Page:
How Historically Accurate Is Pablo Escobar On 'Narcos'? You'd Be Surprised By How Much Is Real
Maybe you've already finished all of Netflix's brand new original series, Narcos , or maybe you're saving it for another long weekend. Whatever the case, make sure it's on your to-watch list. A look at the real-life story of drug kingpin, Pablo Escobar, Narcos takes us into territory we haven't yet seen about Escobar's life. So, when all is said and done, is Narcos an accurate portrayal of Pablo Escobar, or really a better version of Vinnie Chase playing Escobar in Medellin?
That was an Entourage joke. And, the last one here, because Narcos is leaps and bounds ahead of the fictional movie we saw made on the HBO show. Don't worry, if you're tuning in to Narcos for a little bit of history, the series delivers. Mostly everything we see in the show is true-to-life, though some aspects have been heightened, as with any series, to bring a little bit more drama to the table. A few names have been changed here and there, to protect their real life counterparts, but, once again, that's a given when Netflix is striving for drama, and we are dealing with drug lords, after all.
As for Escobar himself, things that might seem like they're completely over the top are, in fact, true. He gained the nickname "The Robin Hood of Medellin" with his philanthropy (feels weird calling it that) work that gave back to his community, and built schools and hospitals.
But, then on the other hand, he had such great wealth that he really did have helicopters at his disposal. So, when we saw him escape on a helicopter, that's true. It didn't necessarily happen all the time, but as Escobar's son, Sebastián Marroquín (who changed his name from Juan Pablo Escobar) explained to The Guardian, helicopters really did play a part. That felt so far-fetched, but it was true.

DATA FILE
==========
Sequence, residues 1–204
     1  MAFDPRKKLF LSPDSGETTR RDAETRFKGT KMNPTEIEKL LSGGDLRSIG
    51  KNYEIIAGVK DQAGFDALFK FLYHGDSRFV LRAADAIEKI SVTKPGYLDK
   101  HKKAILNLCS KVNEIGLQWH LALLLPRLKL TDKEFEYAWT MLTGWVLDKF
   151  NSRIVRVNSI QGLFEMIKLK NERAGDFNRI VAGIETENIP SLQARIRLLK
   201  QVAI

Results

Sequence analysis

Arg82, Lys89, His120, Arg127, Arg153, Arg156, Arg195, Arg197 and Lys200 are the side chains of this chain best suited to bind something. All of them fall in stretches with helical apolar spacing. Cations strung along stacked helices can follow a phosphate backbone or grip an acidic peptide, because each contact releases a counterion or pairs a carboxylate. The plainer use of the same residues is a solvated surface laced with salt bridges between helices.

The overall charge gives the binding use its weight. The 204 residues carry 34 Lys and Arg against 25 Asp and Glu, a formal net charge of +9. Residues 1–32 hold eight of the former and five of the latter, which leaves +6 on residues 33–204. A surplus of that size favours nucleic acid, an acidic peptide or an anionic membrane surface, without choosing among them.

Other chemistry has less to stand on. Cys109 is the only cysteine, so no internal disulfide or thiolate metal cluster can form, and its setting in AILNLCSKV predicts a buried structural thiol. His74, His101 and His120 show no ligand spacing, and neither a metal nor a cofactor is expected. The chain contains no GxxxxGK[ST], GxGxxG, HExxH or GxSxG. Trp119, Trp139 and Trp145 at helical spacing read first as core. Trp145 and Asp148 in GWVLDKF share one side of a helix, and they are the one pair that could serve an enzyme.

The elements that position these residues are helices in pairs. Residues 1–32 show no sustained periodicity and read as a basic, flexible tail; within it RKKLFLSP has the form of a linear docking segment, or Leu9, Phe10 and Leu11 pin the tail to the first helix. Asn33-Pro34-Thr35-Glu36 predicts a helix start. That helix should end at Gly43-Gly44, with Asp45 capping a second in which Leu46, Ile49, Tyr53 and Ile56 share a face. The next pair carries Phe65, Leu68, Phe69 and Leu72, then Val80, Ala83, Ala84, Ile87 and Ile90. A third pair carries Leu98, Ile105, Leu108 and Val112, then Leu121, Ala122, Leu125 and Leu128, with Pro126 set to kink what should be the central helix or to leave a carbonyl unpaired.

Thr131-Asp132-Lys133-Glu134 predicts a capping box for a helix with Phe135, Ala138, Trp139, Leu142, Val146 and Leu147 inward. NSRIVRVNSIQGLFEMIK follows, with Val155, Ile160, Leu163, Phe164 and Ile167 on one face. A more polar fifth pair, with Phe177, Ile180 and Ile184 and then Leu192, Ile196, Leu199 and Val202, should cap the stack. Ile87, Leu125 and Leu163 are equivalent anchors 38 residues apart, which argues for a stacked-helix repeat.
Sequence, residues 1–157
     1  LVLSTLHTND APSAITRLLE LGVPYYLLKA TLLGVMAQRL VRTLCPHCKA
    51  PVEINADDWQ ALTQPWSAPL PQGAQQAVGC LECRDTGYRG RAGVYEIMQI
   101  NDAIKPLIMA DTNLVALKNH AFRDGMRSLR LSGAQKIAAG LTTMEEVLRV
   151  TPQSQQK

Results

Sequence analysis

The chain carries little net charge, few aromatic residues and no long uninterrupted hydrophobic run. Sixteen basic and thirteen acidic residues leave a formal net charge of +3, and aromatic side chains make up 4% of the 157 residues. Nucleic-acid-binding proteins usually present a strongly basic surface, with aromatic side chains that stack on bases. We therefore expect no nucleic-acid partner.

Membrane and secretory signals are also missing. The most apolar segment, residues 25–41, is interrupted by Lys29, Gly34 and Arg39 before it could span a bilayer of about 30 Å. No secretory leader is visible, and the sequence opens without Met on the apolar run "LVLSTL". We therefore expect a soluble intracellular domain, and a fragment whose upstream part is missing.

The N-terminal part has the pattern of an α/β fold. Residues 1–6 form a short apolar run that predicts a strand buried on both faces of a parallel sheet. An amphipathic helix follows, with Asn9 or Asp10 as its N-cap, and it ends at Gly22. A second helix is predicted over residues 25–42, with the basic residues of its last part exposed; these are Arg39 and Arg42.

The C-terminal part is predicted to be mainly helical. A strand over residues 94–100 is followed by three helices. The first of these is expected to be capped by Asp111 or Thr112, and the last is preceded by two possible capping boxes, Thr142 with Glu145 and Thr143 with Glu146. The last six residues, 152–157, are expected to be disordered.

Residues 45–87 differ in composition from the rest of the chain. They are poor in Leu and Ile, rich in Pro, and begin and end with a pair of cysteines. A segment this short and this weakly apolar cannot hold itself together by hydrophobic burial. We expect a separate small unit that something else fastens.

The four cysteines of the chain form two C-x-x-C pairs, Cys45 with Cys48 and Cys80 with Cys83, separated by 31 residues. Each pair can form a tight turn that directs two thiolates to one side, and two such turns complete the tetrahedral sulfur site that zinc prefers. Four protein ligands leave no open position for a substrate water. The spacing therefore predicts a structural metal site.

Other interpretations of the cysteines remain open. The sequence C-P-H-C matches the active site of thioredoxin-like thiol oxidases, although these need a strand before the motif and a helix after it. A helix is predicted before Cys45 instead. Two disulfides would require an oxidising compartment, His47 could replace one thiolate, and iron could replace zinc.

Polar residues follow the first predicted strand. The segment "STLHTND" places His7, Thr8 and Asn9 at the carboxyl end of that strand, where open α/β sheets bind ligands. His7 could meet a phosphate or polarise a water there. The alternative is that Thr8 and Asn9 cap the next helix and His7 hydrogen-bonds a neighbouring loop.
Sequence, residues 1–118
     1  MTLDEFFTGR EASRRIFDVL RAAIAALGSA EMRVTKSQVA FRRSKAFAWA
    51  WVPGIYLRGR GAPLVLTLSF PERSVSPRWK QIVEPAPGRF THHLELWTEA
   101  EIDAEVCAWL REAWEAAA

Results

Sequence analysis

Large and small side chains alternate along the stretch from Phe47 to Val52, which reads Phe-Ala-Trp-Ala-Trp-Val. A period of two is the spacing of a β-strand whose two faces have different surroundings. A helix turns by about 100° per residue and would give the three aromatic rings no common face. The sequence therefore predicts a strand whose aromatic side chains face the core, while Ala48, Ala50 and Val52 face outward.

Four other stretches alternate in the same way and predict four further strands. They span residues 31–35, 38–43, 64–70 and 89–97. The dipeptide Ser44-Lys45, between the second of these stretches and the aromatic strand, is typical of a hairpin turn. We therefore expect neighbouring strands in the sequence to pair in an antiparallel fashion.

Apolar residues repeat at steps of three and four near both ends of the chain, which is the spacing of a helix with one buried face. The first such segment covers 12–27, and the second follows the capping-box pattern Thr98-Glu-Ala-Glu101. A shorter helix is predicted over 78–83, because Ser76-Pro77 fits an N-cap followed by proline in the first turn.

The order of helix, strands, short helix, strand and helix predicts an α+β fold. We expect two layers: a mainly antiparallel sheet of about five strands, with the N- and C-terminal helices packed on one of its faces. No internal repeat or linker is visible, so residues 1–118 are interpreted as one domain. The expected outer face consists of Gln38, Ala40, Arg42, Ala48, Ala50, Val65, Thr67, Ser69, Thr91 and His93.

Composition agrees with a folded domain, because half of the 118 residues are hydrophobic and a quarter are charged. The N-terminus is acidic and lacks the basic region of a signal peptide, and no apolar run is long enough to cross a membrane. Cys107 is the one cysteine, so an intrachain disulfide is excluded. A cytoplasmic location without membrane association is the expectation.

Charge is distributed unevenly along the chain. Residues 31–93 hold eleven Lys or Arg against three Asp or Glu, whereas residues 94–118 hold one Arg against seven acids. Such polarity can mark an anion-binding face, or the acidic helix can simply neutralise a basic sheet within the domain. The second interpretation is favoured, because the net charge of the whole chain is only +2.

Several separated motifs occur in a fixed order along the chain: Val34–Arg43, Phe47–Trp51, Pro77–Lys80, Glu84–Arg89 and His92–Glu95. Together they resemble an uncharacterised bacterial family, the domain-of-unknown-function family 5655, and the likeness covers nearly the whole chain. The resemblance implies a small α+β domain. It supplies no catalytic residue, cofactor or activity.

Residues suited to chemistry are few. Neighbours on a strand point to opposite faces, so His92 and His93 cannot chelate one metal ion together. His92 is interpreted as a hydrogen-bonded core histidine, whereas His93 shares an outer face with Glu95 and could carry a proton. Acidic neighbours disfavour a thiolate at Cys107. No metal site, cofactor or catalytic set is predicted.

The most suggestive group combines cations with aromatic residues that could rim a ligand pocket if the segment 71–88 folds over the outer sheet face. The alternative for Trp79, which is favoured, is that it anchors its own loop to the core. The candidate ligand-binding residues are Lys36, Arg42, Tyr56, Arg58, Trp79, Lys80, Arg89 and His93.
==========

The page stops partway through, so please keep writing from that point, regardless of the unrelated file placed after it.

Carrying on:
Watching Narcos feels like you're watching a documentary, not a drama, and that's the point. Netflix isn't trying to give us an "inspired by" story, but the real thing instead. That's why they consulted with the actual DEA agents who were on Escobar's case, Javier Peña and Steve Murphy (and it's the fictional Murphy who narrates the series). They were brought in as consultants. So these two were able to provide information about their investigation of Escobar.
They also provided information about Escobar, of course. But, it's a situation like when Hank provided information about Heisenberg — Hank of course knew stuff about him, and what he was up to, but he didn't know all the facts. So, while real life Peña and Murphy were obviously able to contribute to Netflix's story, they were still an audience for Escobar just as much as any one else during the time.
And, now we're all an audience watching Nacros unfold on Netflix. While you maybe shouldn't use the events of the series to write a history paper on Escobar, it does provide us with a very good portrayal of his character, and that's as much as we can ask of any entertainment program.
Image: Daniel Daza/Netflix (3)